2017 Has Ended But What Year Is It Now According To Different Calendars Around The World?
It’s still 2017, but as the year is running out, we have an important question to pose.
What year are we really in? Because time is subjective and measuring it has always been different depending on what culture or more specifically, what calendars you choose to look at. Which is exactly what we tried to do.
Please Note: We’ve tried to map out the year through various sources on the internet. Any errors aren’t intended to cause offence or to be disrespectful.
The calendar was initially used in Armenia and signified the separation of the church from the Chalcedonian Churches. The calendar began in 552 AD and consists of 12 months with 30 days and five extra or superfluous days.
Used mainly in the countries of Cambodia, Thailand, Laos and Myanmar, the Buddhist calendar is based on older versions of the Hindu calendar. Similar to other South Asian calendars, they follow an animal cyclical system.
The Chinese calendar s still used to regulate traditional activities in China. The current calendar is the result of years of changes and alterations with the government providing a standardized version in 1912.
Beginning in 56 BCE, the Vikram Samvat is named after King Vikramaditya. There are two separate versions of this calendar, one used in India and the other in Nepal.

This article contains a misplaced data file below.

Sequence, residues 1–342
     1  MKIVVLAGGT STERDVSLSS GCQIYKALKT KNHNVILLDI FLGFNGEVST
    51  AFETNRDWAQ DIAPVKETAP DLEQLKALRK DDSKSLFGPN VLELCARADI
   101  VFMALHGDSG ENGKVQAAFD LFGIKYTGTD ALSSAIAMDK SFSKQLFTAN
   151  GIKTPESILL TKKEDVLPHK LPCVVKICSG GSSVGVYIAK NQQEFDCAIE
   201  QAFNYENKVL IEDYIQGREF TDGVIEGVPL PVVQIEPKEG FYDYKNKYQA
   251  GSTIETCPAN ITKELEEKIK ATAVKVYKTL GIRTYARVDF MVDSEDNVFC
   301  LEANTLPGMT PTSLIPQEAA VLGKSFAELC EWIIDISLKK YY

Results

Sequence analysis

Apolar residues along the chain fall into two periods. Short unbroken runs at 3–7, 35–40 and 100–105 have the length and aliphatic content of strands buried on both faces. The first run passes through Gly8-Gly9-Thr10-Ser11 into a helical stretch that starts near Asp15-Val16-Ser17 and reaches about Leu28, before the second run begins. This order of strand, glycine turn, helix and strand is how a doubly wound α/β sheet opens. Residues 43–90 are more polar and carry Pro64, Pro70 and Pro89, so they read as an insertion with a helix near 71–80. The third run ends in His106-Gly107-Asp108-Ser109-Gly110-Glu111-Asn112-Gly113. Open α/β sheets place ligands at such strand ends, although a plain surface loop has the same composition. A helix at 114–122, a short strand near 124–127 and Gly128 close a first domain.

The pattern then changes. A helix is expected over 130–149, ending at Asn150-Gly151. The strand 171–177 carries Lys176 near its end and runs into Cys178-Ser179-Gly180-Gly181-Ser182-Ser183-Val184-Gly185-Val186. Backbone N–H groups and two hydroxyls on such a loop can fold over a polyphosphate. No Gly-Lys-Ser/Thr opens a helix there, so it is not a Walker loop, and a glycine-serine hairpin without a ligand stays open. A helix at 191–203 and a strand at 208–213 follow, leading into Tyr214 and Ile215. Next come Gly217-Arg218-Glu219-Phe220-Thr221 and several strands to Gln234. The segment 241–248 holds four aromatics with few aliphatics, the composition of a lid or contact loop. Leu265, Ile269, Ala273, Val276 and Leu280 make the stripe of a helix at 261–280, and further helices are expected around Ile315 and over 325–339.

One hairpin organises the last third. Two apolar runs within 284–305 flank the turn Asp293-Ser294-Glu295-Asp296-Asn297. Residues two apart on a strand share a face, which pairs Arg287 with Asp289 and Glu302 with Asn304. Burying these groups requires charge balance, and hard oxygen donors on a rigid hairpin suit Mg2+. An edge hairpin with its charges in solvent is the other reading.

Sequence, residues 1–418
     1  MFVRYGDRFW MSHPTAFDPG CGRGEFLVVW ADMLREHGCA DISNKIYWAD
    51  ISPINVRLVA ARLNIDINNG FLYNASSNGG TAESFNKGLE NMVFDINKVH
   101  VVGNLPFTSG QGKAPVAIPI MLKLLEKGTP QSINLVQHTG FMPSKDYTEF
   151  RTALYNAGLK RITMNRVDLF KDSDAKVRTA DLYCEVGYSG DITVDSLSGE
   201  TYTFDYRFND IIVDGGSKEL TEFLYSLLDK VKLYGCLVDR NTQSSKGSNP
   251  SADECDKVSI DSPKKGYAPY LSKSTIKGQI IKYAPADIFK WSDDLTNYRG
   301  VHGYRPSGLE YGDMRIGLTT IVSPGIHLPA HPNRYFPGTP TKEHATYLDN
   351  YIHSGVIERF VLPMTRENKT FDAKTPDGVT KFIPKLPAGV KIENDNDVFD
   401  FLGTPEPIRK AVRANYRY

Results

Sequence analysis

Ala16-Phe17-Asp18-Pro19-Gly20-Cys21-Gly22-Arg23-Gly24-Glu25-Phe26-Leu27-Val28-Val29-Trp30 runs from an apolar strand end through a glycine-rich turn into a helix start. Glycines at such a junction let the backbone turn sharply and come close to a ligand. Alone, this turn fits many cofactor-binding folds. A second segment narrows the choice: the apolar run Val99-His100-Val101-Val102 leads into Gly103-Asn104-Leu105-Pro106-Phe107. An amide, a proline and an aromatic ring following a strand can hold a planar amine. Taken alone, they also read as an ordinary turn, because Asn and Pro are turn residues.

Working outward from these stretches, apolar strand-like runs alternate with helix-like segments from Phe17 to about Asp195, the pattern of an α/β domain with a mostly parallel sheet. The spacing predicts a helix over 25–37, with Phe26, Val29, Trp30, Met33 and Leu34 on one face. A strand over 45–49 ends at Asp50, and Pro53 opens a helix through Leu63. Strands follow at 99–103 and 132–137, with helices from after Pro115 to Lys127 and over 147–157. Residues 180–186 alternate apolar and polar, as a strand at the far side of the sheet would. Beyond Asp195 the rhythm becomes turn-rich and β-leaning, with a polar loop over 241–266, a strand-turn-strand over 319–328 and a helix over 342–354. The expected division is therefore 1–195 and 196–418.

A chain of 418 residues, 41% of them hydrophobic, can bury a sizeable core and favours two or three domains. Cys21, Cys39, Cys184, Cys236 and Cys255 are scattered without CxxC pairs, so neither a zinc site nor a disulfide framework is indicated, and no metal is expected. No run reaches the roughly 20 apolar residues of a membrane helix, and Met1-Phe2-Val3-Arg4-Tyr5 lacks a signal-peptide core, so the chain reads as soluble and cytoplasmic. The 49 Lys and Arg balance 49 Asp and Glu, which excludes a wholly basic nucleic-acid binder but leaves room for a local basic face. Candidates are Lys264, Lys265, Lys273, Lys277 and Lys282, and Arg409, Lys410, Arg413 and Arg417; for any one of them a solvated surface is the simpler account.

Named after the Juche ideology of self-reliance is the official calendar of North Korea. The first year of this calendar began with the birth year of North Korean leader, Kim-Il Sung.
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The Hijri calendar is a lunar calendar consisting of 12 months. The first ten years of the calendar were not numbered, they were demarcated using events from the prophet’s life.
The calendar is mainly used to correctly date traditional Jewish holidays as well as when portions of the Torah are to be read out in public. The calendar is also integrated with the Hebrew signs fo the zodiac.
The Japanese use both the Gregorian calendar as well as their own to demarcate the year of the reign of their current emperor. The Heisei period began when Emperor Akihito ascended the Chrysanthemum Throne in 1989 and will end when he is expected to abdicate in 2019.
The calendar began about 4750 years before the Gregorian calendar and is still used amongst many Assyrian communities.
The Bengali Era or Bengali Sambat started in approximately 593 CE. It is still used to map the dates of many Bengali festivals and an official revised version was adopted in Bangladesh in 1987.
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